Romanian is a part of the Balkan-Romance group that evolved from several dialects of Vulgar Latin separated from the Western Romance during the 5th–8th centuries. To distinguish it within that group in comparative linguistics it is called Daco-Romanian as opposed to its closest relatives, Aromanian, Megleno-Romanian, and Istro-Romanian.
During Soviet times—and to some extent even today—Romanian was called Moldovan in the Republic of Moldova, although the Constitutional Court ruled in 2013 that "the official language of the republic is Romanian".
Immigrant Romanian speakers are scattered across many other countries worldwide, most notably Italy, Spain, Germany, the United Kingdom, the Netherlands, Denmark, Sweden, Norway, Austria, France, Portugal, Switzerland, the United States, Canada, Mexico, Brazil, Argentina, Greece, Cyprus, Australia, or New Zealand.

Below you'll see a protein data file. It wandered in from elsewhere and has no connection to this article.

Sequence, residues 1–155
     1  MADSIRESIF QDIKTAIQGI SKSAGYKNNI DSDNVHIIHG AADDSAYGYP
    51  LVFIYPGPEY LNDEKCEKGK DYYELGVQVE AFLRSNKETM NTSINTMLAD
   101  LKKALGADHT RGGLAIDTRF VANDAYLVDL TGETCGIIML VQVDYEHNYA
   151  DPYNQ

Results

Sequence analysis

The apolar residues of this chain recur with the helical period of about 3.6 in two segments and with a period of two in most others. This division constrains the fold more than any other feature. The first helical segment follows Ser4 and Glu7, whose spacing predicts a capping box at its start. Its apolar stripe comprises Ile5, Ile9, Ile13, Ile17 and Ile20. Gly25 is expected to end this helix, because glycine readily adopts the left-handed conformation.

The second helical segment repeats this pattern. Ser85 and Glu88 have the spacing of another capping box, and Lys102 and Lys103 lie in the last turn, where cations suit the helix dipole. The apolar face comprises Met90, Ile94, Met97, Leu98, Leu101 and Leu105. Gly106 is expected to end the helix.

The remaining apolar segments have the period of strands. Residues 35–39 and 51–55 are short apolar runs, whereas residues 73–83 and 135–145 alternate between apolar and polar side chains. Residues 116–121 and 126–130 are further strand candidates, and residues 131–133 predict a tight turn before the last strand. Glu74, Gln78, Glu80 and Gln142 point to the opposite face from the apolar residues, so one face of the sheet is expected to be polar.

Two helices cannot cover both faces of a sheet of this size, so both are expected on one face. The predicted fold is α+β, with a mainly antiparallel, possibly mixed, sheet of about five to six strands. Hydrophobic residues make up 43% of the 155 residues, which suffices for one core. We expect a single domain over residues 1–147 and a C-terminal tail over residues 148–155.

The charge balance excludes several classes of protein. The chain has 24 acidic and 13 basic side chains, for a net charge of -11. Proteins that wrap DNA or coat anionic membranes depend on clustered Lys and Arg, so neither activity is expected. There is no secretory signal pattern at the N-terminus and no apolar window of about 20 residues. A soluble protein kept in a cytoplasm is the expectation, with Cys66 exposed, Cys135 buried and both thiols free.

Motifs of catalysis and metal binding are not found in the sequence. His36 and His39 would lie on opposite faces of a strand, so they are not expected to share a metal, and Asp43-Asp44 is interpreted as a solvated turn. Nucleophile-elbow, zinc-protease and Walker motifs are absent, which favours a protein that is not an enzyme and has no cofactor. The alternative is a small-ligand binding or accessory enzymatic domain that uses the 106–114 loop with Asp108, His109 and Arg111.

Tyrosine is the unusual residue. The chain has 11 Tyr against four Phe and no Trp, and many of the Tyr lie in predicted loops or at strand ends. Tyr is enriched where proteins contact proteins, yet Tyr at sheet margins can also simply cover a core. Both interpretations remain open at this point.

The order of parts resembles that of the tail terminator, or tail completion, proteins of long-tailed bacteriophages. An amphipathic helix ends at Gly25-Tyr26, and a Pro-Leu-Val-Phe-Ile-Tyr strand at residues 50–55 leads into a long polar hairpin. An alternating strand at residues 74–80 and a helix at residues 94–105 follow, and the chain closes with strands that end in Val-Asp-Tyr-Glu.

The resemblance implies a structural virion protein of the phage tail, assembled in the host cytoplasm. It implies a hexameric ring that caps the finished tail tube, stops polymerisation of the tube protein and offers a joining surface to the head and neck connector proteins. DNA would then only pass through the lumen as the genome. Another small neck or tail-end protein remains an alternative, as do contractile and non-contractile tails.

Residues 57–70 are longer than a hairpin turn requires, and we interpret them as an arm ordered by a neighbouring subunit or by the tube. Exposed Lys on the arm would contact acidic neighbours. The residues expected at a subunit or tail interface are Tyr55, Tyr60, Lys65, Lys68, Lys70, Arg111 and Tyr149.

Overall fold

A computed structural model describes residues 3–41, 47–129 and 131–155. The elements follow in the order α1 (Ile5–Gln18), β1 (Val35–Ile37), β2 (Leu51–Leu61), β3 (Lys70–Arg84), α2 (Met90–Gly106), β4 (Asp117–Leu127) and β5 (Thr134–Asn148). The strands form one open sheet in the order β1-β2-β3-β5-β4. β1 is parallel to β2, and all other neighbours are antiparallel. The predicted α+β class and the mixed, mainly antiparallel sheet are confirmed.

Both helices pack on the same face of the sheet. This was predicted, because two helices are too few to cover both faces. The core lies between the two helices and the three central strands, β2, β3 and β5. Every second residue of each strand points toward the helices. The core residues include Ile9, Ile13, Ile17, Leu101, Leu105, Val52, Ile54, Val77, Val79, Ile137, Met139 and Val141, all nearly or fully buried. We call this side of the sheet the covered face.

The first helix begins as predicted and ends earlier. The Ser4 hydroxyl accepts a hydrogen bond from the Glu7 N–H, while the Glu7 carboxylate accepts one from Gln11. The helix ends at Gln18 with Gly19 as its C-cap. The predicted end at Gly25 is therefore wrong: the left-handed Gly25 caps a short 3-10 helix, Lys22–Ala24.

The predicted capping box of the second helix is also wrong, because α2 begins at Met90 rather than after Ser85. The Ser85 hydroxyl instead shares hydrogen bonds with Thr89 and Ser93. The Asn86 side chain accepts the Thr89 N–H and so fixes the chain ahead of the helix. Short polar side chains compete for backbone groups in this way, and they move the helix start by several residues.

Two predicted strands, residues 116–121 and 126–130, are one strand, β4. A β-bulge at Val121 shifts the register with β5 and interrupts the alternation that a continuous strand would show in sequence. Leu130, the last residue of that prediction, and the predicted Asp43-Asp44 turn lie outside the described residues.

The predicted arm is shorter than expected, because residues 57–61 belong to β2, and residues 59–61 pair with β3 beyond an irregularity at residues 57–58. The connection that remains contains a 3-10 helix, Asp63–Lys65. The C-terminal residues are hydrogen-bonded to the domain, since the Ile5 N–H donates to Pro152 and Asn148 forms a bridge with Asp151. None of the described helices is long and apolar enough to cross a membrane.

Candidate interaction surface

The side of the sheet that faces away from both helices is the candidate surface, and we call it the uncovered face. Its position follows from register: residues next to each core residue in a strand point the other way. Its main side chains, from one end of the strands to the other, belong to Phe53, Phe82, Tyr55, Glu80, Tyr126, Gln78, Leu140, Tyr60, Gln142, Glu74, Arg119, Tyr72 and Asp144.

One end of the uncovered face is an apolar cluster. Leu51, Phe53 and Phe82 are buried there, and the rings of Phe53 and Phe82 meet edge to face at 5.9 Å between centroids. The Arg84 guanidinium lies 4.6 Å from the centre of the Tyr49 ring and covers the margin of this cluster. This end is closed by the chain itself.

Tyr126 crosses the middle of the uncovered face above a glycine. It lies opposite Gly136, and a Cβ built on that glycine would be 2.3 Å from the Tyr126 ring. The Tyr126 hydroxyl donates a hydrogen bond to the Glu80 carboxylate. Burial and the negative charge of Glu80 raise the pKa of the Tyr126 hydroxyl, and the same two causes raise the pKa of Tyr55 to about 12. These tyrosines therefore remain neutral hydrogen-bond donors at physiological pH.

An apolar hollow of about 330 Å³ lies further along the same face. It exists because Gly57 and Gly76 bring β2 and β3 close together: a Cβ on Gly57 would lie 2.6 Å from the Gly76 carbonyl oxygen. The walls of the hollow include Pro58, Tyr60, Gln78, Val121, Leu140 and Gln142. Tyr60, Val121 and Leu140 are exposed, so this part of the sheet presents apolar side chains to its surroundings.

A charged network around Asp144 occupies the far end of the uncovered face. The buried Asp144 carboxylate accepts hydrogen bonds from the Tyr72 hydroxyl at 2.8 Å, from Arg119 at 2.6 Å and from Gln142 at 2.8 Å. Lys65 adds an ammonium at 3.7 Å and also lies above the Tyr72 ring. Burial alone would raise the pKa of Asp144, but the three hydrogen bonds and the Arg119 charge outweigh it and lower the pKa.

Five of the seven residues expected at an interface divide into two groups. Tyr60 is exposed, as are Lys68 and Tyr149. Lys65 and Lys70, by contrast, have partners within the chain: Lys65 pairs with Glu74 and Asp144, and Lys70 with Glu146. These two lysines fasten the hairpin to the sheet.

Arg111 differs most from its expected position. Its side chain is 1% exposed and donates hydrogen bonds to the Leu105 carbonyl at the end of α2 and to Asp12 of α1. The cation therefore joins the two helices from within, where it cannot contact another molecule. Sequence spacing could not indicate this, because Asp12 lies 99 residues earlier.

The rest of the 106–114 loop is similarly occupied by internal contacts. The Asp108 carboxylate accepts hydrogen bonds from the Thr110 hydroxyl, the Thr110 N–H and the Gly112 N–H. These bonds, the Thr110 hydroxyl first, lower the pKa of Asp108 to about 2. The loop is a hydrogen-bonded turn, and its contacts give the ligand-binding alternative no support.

The influence of the military in Dacia is due to the distribution of the military units in this bridgehead of the Roman Empire's defense (two legiones, 12 alae, 41 cohortes and 13 numeri), contrary, e.g., to that of the Rhenish army, which was concentrated at the Germanic limes and so left little influence on the local spoken Gallo-Latin. The identification of numerous words of military (Dacian-)Roman usage – 52 semantic specific changes and inherited military Latin words with their classical meanings – is at the heart of the hypothesis that the Romanian language is the continuation of the military Latin spoken in the north-eastern frontier region of the Roman Empire. These vestiges of military usage are unique to Romanian in its language family.